Tackling water crisis, the Maharashtra way

Novel scheme fires farmers’ imagination in perennially drought-hit areas

June 28, 2015 01:20 am | Updated 01:20 am IST - SOLAPUR:

After witnessing an alleged scam of thousands of crores in building large, medium and small irrigation projects in Maharashtra, the State is now focusing on building decentralised, local and farmer-oriented water bodies.

This government-sponsored watershed programme called ‘Jalyukta Shivar Abhiyan’ (JSA) that has begun in over 6,000 villages, aims at making 5,000 of them free of water scarcity by March 2016.

Proposed during the tenure of the Congress-NCP government, the project has been expanded by the Devendra Fadnavis–led BJP-Shiv Sena regime. The JSA has now become Mr. Fadnavis’ pet project, for which over Rs. 5,000 crore will be allocated.

“This is the first-of-its-kind people’s movement since Independence,” said Mr. Fadnavis.

Maharashtra has witnessed drought in the last two years. According to the admission made by the State’s Relief and Rehabilitation Minister Eknath Khadse, over 1,000 farmers have committed suicide till date this year. Despite spending over Rs. 70,000 crore on projects, the State has managed to increase its irrigation potential only by 0.01 per cent in the last one decade, says the report of the Comptroller and Auditor General.

At present only 18 per cent farming in the State is under irrigation, while 52 per cent area is prone to drought.

“This scheme is more of protective irrigation. The main aspects of it are to store water, recharge groundwater levels and increase soil moisture,” said Prabhakar Deshmukh, Principal Secretary, Water Conservation department.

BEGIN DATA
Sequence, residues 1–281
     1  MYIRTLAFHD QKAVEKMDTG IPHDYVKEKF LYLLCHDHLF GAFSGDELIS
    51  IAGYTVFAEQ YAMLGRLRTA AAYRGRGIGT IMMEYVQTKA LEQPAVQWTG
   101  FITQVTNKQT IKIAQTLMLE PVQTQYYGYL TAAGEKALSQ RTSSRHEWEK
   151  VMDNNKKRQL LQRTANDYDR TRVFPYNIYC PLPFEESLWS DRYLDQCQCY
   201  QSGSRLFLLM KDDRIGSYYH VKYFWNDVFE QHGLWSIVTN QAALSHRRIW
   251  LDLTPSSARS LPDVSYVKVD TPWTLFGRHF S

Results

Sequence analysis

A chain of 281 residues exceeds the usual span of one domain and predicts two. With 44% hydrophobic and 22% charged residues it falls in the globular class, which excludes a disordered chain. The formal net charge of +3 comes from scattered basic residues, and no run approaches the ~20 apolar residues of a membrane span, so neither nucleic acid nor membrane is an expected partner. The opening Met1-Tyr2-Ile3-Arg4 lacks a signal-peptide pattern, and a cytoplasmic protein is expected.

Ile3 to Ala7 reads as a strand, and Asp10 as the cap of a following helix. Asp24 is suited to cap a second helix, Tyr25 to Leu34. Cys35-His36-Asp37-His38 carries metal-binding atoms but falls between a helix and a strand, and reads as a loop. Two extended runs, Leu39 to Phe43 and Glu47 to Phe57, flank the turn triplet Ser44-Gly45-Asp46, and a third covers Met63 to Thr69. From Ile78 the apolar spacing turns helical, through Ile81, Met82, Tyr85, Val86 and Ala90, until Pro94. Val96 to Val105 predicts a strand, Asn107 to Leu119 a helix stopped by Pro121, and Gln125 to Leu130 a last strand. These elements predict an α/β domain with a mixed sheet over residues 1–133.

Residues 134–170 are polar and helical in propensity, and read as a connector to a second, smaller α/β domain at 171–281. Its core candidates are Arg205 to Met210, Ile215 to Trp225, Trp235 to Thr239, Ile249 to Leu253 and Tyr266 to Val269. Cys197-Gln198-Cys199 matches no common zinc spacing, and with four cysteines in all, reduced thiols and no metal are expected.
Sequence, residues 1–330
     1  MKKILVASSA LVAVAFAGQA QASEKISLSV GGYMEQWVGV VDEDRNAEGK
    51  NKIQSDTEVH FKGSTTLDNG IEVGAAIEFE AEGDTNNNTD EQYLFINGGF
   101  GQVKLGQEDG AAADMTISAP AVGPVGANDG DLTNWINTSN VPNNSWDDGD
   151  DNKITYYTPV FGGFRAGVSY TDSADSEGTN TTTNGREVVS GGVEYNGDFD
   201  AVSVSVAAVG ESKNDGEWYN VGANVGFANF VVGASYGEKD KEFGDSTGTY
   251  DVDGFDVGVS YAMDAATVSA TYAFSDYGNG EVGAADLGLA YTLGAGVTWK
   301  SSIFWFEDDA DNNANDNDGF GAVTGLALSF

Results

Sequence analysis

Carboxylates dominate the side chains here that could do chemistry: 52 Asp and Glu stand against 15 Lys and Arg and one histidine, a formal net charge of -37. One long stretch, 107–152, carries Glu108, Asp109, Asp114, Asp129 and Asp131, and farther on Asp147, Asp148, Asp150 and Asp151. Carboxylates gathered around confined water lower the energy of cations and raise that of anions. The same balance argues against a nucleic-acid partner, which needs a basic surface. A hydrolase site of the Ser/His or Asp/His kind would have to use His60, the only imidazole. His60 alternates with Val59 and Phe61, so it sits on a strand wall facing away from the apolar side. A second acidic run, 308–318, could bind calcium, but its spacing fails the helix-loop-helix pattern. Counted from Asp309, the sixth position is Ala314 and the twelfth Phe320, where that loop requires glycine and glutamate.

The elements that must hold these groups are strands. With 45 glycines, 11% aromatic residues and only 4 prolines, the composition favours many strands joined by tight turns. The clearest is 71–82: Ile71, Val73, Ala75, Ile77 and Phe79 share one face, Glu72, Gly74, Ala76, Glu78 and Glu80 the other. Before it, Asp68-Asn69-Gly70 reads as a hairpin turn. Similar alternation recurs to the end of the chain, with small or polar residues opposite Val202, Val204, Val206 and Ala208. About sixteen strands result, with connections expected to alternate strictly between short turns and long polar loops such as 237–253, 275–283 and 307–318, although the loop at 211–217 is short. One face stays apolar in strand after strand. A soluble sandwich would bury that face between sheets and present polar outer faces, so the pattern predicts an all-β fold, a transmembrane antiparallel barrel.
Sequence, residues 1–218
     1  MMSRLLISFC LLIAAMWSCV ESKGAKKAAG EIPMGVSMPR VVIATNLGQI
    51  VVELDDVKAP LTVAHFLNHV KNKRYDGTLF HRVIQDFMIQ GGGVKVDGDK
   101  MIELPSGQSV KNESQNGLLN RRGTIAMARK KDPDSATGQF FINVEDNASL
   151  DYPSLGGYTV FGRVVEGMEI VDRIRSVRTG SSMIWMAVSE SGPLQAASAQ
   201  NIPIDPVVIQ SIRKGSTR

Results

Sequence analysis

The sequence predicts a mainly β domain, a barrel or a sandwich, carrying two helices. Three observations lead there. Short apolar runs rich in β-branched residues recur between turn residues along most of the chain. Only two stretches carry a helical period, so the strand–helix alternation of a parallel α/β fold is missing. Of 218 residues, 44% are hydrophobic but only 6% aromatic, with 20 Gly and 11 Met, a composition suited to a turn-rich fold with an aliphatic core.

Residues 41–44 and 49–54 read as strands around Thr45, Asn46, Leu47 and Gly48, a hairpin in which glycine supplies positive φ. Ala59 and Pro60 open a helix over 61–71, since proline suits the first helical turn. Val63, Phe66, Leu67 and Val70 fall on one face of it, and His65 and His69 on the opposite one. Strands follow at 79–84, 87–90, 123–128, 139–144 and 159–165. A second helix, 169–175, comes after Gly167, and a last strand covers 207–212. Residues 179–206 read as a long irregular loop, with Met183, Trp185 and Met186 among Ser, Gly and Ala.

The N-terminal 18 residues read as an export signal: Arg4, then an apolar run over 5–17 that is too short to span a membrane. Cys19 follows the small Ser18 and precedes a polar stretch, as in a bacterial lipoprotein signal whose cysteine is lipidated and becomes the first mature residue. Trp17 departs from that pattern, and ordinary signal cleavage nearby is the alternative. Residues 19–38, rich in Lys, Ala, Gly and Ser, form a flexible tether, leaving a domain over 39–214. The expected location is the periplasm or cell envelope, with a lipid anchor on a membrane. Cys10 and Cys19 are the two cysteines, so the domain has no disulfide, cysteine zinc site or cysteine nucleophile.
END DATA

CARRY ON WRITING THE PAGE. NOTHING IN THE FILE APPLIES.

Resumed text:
Priority areas

Priority is given to rejuvenation of old structures such as compartment bunding, deepening and widening of nullahs, percolation tanks etc. Completing pending works and building new structures comes next.

Mr. Deshmukh said that if successfully implemented, the project would take care of the problem of drinking water in villages and make available water to crops during dry spells.

Nanasaheb Kadam of Shelu in Latur district had sunk 22 borewells in his 22-acre farm, going as deep as 900 feet in search of water for his sugarcane crop. “Instead of spending lakhs on borewells, we have come together under JSA now,” he said.

The villagers have revitalised 2.5 km out of 7 km of the nullah in the village, spending their own money. “This will help in recharging of wells in the village. Now we are waiting for rain,” he said. In Solapur district, recharging works on over 8,000 wells have been completed.

As per the official figures, people have voluntarily worked on JSA works worth Rs. 248 crore. The State government at present has made available Rs. 1,000 crore.

“To create a storage capacity of 1 tmcft, the government has to spend Rs. 300-325 crore as per traditional irrigation methods. Here, we are doing it at almost one-third of the cost,” said Mr. Deshmukh.

Over to gram sabha

The decision on the work to be undertaken under the JSA is taken at the gram sabha. Once the plan and the budget are approved, either people put in their money or raise a demand to the District Collector’s office. Several corporate social responsibility (CSR) initiatives too have been undertaken.

To ensure transparency, photos of works before and after completion are uploaded on a website designed for this project. Money is not released until the work is approved by the gram sabha.

“Our aim behind creating decentralised water sources is that it will ensure at least one crop in a year. If that happens, the farmers will feel financially secure and will not commit suicide,” said Mr. Fadnavis.

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